A family burial complex dating to the Second Intermediate Period has been discovered at the Dra Abu el-Naga necropolis at Luxor.
The Egyptian mission uncovered 30 burial shafts with a similar architectural design, and a mud-brick offering chapel which contained a collection of shabtis and amulets.
One of the burials contained a large red-granite sarcophagus inscribed for the vizier Ahkhu, who served the Thirteenth Dynasty king Sobekhotep II. Other finds included canopic jar stoppers, cartonnage fragments, and several woven baskets.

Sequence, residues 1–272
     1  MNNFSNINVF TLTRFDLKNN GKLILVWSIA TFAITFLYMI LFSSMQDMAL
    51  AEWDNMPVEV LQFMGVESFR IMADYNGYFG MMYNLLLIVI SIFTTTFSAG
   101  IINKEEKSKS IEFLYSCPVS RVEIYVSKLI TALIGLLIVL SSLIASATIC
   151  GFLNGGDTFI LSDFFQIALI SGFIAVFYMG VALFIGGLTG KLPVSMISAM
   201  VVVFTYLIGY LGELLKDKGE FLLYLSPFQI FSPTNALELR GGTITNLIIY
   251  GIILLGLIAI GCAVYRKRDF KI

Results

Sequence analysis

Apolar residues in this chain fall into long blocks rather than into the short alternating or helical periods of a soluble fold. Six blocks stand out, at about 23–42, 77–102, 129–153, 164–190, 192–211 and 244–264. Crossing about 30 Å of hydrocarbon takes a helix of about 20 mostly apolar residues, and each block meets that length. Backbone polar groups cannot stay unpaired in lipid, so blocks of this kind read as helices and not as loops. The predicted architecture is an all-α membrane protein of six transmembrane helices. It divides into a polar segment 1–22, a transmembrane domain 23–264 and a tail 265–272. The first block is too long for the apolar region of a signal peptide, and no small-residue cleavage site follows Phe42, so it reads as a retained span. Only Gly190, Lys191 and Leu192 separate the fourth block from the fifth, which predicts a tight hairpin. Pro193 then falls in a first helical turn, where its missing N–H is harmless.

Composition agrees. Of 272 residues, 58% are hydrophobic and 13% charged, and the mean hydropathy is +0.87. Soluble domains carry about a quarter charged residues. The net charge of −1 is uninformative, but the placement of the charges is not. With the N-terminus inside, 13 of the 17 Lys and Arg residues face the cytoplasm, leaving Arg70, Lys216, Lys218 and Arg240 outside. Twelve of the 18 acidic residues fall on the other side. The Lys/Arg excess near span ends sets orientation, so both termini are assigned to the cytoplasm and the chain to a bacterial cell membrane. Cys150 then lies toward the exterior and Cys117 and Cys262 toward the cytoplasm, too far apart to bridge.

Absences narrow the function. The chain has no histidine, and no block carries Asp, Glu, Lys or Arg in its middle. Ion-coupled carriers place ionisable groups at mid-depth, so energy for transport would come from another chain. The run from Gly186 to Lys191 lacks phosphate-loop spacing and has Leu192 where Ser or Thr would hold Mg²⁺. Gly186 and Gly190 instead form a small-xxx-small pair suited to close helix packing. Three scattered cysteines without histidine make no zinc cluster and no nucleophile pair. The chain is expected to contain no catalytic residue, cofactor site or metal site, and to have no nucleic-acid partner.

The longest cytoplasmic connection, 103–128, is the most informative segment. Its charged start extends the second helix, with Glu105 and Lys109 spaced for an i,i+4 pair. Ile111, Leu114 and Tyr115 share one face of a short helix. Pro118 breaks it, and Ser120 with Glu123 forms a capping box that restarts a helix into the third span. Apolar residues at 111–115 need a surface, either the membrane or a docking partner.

Also at Dra Abu el-Naga, two previously discovered tomb-chapels have been opened to the public following restoration work by a Spanish-Egyptian mission. TT11 belongs to Djehuty, Overseer of the Treasury under Hatshepsut (Eighteenth Dynasty); TT12 is the Tomb of Hery, Overseer of the Granary of Queen Ahhotep (Seventeenth Dynasty).
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